BEIJING, May 28 -- New rules for China's national college entrance exam, the "gaokao," pose a challenge to the test's reputation for fairness.
The rule, adopted by some 13 provincial regions in China ahead of this year's gaokao in early June, stipulates that gaokao applicants may receive extra points if they are "excellent in morality" or have a "good Samaritan" record.
In China, gaokao results are the major assessment standard for a student's application for college. The exam saw some 9 million test takers in 2013.
For years, China has had a policy to award extra gaokao points to students who are children of returned overseas Chinese, ethnic minorities and winners of major sports events and math or science competitions, among other groups. However, new rules emphasize awarding points for morality while minimizing excessive points in other categories.
The move has triggered strong debate among the public on fairness in the big exam. Many have pointed out that morality is hard to measure, and some worry that students or their parents may forge a record of good deeds to gain precious bonus points.
According to education authorities in Beijing and the provinces of Zhejiang and Sichuan, the new changes will allow local test takers to gain as many as 20 extra points for good morals.
The Beijing Municipal Education Commission explains the "excellent in morality" standard as "having done meritorious deeds" and "producing a comparatively great impact on society."
Xiong Bingqi, a Shanghai-based education expert, said jokingly that many "moral models" may emerge following the new policy. "Moral bonus points can easily become immoral if people fight for them by any means necessary," said Xiong.
The Ministry of Education has listed 14 items that qualify for gaokao bonus points, but according to an estimate by Yang Dongping, a Beijing Institute of Technology professor, the actual number of items for which points are awarded across various provinces, municipalities, and regions may exceed 190.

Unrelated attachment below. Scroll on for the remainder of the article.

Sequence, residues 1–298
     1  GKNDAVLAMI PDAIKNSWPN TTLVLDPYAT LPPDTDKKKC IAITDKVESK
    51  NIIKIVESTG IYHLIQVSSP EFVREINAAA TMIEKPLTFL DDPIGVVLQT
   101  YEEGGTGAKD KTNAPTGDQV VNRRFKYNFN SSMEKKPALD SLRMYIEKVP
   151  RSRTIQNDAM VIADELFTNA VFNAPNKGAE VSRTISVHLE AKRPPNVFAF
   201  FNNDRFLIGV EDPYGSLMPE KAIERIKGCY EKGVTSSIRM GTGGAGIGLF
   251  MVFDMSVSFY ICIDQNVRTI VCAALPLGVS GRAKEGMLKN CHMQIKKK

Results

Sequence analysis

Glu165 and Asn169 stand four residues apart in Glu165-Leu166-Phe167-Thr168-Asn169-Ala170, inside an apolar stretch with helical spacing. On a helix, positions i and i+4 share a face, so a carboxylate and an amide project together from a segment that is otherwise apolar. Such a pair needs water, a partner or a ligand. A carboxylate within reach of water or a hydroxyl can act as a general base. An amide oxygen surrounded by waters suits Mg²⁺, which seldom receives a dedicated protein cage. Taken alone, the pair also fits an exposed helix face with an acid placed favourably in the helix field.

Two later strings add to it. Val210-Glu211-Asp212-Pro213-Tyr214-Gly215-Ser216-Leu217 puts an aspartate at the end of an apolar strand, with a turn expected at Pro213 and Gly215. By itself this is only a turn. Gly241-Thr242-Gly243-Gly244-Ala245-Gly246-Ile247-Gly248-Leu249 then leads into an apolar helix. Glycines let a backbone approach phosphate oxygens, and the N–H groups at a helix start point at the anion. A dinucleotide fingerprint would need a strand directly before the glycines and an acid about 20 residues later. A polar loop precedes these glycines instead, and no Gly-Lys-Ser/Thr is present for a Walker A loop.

Chu Zhaohui, a researcher with the National Institute of Education Sciences, said these bonus points usually go to students from well-connected families, putting common people at a disadvantage.
Chu said many of the bonus point recipients are just taking advantage of loopholes to get ahead of others.
Since this year, the ministry has ordered local authorities to reduce excessive bonus point items that do not conform to the regulation in order to ensure fairness and keep corruption at bay.
With this change, almost all regions have decreased the number of people who can benefit from the bonus points policy, and the 13 that have adopted the new rule will emphasize points for morality.
Dai Mingqing, a political science professor from the Heilongjiang Institute of Technology, said he had mixed feelings on hearing the policy change. "Using exam results to guide students' actions can descend into utilitarianism, which can overshadow students' minds," said Dai.
PUT STUDENTS IN DANGER?
Some netizens linked the "good Samaritan" standard to China's moral degeneration, as seen in incidents of people unwilling to help fallen elderly people and others in need.
The new rule could encourage young people to do good deeds in return for high marks, some netizens said on the Twitter-like Sina Weibo.
But others said that the extra points under the rule may become a dangerous temptation if students risk their lives to become good Samaritans.
People were reminded of Lai Ning, a 14-year-old middle school student who died when helping put out a forest fire. Though Lai was portrayed as a teen hero in China for decades, teenagers today are discouraged from copying him and are taught instead to keep themselves safe before lending a hand.
The provincial People's Congress in Liaoning even passed a bill in 2012 banning organizations or individuals from giving teens firefighting duties.
"Can we just not link up morality with marks? Isn't it enough to do something good for pure respect and compliments?" said microblogger "baishikele7758" on Sina Weibo.
The authorities should tread carefully when they decide to use moral incentives, because a policy can affect the molding of the character of people for generations, said the researcher Chu Zhaohui.